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Return of the Inauguration Crowd Size Matter
Unnamed complainant alleges Park Service mishandled photos

White House Press Secretary Sean Spicer makes a statement to members of the media at a White House briefing on Jan. 21. (Alex Wong/Getty Images file photo)

A new Interior Department inspector general report is further muddying the already murky situation surrounding White House claims that the crowd at President Donald Trump’s inauguration was the largest in American history.

The report found “no evidence to substantiate” complaints that National Park Service employees altered records related to crowd-size estimates for Trump’s Jan. 20 inauguration. The IG also investigated and found no evidence to support the unnamed complainant’s allegation that a Park Service employee mishandled photos of the event and posted political comments on Facebook.

What Voters Can Learn From Tax Returns
Tax returns and annual financial disclosures contain different information

Tax returns provide snapshots of an individual’s annual net taxable income. (Courtesy Ken Teegardin/Flickr CC BY-SA 2.0)

Candidates and members of Congress are required by law to file personal financial disclosures that are designed to shed a light on their potential conflicts of interest.

These documents show a lawmakers' assets and liabilities, reported in broad ranges. Tax returns, in contrast, provide snapshots of their annual net income, are subject to audit and require taxpayers to report specific amounts.

In Tax Return Secrecy, Congress Unites
What some lawmakers said when we asked for copies of their returns

Only 37 of 532 members of Congress responded when Roll Call asked for copies of their tax returns. (Bill Clark/CQ Roll Call file photo)

No matter what their political affiliation, members of Congress have this in common: They don’t like releasing their tax returns. Only 37 of the 532 members of the House and Senate responded when Roll Call asked for copies of their tax returns over several weeks, starting in April. Most of them declined to release their tax returns.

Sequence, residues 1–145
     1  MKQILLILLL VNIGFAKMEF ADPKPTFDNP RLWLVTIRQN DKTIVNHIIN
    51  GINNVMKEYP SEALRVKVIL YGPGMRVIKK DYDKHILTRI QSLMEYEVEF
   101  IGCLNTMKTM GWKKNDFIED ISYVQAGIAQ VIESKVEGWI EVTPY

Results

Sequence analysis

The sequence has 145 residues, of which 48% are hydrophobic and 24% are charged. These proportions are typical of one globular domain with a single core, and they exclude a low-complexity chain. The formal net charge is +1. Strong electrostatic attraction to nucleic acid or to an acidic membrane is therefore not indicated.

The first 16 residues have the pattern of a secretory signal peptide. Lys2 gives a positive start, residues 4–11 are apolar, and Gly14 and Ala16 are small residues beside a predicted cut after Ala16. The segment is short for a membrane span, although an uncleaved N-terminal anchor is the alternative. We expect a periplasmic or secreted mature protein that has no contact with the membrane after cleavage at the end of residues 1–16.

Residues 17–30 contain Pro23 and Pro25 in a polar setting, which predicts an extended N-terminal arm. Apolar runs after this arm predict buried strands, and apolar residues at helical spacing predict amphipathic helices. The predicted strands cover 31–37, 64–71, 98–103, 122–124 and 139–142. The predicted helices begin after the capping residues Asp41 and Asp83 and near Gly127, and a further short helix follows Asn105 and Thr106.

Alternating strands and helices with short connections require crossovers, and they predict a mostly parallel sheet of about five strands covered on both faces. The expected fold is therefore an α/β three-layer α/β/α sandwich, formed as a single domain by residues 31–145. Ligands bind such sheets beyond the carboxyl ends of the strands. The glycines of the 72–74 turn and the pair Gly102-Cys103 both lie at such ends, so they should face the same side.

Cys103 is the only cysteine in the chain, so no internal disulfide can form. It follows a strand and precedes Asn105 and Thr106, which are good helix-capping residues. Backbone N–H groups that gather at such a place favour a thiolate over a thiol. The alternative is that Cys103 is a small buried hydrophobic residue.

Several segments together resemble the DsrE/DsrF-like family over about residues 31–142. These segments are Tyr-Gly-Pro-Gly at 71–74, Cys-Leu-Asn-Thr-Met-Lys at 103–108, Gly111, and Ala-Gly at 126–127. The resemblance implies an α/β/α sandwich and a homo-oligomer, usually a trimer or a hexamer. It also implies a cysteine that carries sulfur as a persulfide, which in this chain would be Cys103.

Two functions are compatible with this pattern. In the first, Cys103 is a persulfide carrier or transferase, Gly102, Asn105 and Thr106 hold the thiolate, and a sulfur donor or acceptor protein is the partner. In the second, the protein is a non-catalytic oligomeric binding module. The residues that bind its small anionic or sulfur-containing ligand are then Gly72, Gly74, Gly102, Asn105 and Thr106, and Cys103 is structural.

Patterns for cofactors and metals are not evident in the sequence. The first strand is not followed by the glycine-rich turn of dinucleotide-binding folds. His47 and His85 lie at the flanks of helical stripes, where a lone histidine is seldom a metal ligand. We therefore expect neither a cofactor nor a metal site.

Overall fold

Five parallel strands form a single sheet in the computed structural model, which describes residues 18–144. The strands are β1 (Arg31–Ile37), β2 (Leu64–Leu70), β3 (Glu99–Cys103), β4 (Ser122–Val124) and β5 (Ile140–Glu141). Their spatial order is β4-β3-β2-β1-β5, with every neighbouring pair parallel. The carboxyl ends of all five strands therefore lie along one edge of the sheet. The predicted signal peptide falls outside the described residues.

Here are some of their responses.

Lawmakers Want Trump’s Tax Returns, but Won’t Release Their Own
Only a handful willing to release documents to Roll Call

New Mexico Rep. Ben Ray Luján has called on President Donald Trump to release his tax returns. (Bill Clark/CQ Roll Call file photo)

Rep. Ben Ray Luján — like many in Congress — wants President Donald Trump to release his tax returns.

Transparency, the New Mexico Democrat said recently in a Facebook post, “is a cornerstone of democracy.”

The Senate at a Deliberative Crossroads
Health care debacle challenges unique traditions, process

Senate Republican Conference Chairman John Thune highlighted bipartisan work ongoing at the Commerce Committee. (Tom Williams/CQ Roll Call)

The release of the Senate Republicans’ draft health care measure, coming on the heels of the demise of the filibuster for Supreme Court nominees, provoked a spasm of hard feelings in the chamber and questions about whether senators could restore its now-quaint reputation as the World’s Greatest Deliberative Body. 

“This is not the role model in my world, but I also understand that when the Democrats say, ‘We’re not going to vote for anything,’ that limits the options,” said Sen. Jerry Moran, a Kansas Republican. “But, I would love to see a Senate that functions, in which all hundred senators have the opportunity to present ideas, amendments and take votes.”

Analysis: Mike Pence Works the Trenches
Vice president plays small ball, seeking to shore up support